# What is the derivative of #y = ln ((x^2+1)^5 / sqrt(1-x)) #?

As an alternative to Stefan's solution (which is a fine solution), we could use the properties of logarithms to rewrite

(Showing that his is the same as Stefan's answer is left as an algebra exercise.)

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You're going to have to use thw whole arsenal for this one - chain rule, power rule, quotient rule.

Since you can write your function as

you can use the chain rule to differentiate it like this

You will get

This can be further broken down into

Plug this back into your target derivative to get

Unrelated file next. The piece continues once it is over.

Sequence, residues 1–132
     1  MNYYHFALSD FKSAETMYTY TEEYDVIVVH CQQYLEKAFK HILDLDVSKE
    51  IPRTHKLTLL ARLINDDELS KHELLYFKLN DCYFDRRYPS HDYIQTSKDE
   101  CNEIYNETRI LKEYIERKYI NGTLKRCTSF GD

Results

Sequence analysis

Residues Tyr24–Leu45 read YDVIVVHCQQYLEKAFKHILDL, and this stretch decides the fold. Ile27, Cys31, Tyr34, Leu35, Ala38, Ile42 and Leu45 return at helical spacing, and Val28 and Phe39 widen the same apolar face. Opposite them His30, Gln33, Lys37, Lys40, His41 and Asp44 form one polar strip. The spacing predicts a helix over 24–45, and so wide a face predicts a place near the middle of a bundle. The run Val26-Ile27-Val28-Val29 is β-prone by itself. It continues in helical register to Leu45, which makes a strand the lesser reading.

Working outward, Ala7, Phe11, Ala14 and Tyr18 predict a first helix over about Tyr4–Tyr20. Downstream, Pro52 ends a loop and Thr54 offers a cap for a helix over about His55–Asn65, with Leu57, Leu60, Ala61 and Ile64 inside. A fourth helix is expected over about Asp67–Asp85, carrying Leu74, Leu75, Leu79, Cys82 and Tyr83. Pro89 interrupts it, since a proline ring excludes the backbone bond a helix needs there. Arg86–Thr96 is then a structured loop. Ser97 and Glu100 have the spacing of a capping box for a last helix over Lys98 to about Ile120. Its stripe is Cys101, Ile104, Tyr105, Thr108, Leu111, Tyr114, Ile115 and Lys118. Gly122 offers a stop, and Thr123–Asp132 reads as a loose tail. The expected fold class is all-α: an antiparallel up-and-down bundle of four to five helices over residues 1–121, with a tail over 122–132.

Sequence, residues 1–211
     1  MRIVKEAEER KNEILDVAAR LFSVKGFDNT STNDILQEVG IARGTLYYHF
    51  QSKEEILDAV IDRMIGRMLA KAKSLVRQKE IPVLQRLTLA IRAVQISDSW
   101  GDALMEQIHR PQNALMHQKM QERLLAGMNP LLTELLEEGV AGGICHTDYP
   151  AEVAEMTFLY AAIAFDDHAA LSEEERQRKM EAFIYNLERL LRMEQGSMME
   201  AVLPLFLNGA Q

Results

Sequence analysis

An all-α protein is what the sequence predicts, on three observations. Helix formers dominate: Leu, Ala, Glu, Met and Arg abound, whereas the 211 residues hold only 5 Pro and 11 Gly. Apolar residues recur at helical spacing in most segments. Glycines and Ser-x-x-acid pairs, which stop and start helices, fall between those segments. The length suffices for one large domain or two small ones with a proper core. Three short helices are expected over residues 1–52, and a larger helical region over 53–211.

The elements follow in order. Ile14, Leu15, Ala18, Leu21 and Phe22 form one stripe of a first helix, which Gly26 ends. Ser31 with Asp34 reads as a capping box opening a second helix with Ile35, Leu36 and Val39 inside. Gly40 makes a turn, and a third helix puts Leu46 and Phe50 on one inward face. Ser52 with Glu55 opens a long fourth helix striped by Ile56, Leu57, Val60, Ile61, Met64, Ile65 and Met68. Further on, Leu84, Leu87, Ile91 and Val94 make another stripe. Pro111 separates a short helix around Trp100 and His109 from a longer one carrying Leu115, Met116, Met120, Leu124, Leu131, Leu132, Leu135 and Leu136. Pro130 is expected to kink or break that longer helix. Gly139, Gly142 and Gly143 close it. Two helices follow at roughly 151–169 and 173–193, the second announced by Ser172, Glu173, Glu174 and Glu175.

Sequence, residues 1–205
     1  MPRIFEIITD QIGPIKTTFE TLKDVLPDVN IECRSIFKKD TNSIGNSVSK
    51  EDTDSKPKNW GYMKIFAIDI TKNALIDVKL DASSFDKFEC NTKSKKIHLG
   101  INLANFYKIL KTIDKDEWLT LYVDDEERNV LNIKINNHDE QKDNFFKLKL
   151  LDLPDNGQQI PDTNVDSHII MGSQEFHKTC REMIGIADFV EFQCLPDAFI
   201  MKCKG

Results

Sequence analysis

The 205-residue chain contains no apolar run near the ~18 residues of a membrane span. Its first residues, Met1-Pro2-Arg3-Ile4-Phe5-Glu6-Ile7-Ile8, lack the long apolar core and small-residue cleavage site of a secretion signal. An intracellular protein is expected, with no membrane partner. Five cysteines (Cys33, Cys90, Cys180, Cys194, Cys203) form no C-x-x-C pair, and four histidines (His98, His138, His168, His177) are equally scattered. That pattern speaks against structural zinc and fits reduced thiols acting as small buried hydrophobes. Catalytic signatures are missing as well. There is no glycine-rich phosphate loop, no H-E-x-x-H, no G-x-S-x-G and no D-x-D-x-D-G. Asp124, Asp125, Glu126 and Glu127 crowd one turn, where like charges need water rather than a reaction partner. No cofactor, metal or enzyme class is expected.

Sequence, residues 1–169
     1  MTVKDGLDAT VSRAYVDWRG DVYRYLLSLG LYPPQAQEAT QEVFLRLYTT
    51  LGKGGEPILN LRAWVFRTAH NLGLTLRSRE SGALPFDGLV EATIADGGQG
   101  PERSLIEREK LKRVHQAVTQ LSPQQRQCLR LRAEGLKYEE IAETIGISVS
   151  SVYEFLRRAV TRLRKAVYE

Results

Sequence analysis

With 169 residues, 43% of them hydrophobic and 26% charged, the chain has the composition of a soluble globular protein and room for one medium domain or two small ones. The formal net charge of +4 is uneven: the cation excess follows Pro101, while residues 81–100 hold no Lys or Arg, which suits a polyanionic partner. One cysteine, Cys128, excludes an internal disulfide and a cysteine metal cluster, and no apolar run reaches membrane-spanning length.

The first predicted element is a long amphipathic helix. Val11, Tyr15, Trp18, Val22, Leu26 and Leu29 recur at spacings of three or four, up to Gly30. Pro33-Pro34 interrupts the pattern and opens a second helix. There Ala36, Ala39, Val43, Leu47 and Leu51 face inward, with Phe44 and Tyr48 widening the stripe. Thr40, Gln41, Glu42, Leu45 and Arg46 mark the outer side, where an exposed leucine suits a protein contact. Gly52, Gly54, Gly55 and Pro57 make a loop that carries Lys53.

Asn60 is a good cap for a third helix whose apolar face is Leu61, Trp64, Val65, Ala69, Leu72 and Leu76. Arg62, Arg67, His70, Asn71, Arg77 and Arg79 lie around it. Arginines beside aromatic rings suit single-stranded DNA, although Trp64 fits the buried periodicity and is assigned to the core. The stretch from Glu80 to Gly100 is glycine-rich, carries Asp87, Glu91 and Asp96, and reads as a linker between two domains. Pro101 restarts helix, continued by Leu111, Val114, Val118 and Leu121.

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The derivative of (y = \ln\left(\frac{(x^2+1)^5}{\sqrt{1-x}}\right)) with respect to (x) is:

[y' = \frac{d}{dx} \ln\left(\frac{(x^2+1)^5}{\sqrt{1-x}}\right) = \frac{d}{dx} \left(5 \ln(x^2 + 1) - \frac{1}{2} \ln(1-x)\right)]

[y' = 5 \cdot \frac{d}{dx} \ln(x^2 + 1) - \frac{1}{2} \cdot \frac{d}{dx} \ln(1-x)]

Using the chain rule and the derivative of (\ln(u)), where (u) is a function of (x):

[y' = 5 \cdot \frac{1}{x^2 + 1} \cdot 2x + \frac{1}{2(1-x)}]

[y' = \frac{10x}{x^2 + 1} + \frac{1}{2(1-x)}]

Simplify this expression to get the final derivative.

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